Harriet Bruce-Annan was in despair. She would have preferred to go straight back to Ghana but she had no money for a flight. She could not even let herself be deported, because her husband was a british citizen. In a womens' refuge she managed get her life back in order. "It's important to give your best, to try to make the most of such a situation", Harriet said today. She moved into a small flat in Düsseldorf in which she is still living today.

The employment office allocated her a job as cleaning woman at the Düsseldorf fairgrounds - her qualification as programmer was not recognized: "No-one wanted to take up the subject. And if they did broach the subject they probably thought: computer? Do they have something like that in Africa? It would have been more sensible to ask: 'what have you brought with you?', instead of allocating a migrant the simplest job possible", said Harriet.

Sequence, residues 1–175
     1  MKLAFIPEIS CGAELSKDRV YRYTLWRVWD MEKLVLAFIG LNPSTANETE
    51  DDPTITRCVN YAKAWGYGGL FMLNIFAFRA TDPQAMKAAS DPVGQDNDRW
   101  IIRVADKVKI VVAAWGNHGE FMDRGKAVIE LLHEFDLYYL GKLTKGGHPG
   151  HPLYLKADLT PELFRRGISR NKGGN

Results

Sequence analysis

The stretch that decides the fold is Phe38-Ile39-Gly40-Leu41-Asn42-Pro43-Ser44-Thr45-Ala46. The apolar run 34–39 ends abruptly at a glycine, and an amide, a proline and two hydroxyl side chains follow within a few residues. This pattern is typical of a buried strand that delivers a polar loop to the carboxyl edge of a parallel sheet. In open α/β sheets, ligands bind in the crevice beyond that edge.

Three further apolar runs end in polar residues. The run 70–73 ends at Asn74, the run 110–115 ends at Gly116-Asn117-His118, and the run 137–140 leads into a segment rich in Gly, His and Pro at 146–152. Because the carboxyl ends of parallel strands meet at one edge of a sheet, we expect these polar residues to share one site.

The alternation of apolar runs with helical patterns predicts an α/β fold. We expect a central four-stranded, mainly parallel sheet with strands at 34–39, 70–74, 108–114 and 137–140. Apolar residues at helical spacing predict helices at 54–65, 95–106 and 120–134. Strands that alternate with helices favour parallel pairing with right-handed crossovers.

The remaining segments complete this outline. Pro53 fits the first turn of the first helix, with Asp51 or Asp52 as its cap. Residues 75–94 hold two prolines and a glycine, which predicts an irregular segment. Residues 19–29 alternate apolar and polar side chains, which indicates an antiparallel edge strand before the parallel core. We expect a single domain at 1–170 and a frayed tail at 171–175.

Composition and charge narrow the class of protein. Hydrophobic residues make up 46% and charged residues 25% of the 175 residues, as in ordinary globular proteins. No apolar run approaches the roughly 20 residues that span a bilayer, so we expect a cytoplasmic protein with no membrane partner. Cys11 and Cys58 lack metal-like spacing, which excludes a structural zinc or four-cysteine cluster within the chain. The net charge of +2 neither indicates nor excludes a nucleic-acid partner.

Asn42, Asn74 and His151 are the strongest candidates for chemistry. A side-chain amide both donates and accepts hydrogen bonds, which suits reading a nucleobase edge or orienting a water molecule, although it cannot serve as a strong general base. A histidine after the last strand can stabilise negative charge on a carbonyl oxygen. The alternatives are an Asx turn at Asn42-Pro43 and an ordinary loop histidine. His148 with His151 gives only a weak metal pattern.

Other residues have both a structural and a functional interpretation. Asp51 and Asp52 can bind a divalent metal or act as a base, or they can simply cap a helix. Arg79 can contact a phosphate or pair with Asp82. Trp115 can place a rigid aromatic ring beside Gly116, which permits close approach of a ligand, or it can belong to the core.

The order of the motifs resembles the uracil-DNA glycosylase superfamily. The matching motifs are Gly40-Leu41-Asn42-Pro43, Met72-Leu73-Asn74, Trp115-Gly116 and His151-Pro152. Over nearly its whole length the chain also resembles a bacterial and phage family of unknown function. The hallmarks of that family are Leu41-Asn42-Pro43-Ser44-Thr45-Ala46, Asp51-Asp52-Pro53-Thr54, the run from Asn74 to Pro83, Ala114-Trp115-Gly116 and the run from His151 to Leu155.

Day cleaning woman and night toilet attendant

Nevertheless the programmer from Ghana had no problem with working as cleaning woman and toilet attendant. "In my view you do not become a second class person if you carry out such work. I felt no shame in it", said Harriet. For a start then she worked during the day as a cleaning woman at the fair and spent lonely evenings at home. Should that have been it? Harriet recalled her childhood dream and the children in the slum of Bukom. She decided to look for an additional job in the old town of Düsseldorf in order to gather funds. She reached an agreement with the owner of a pub to work looking after the toilet only on the basis of tips - no wage - that she gave away completely as donations. She only needed a chair and a and a table for flyers for her project.

Back then a guest remarked "Harriet is no normal toilet woman, she's an african angel". This provided the name for her "African Angel" organization. Many guests admired her commitment for her homeland Ghana and donated gladly. Some were even willing to take up a sponsorship. One guest said "Actually you think: at first you pay a lot for drinks and then you also have to pay to rid yorself of it. But for a good purpose, willingly".

Changing the world with a few Cents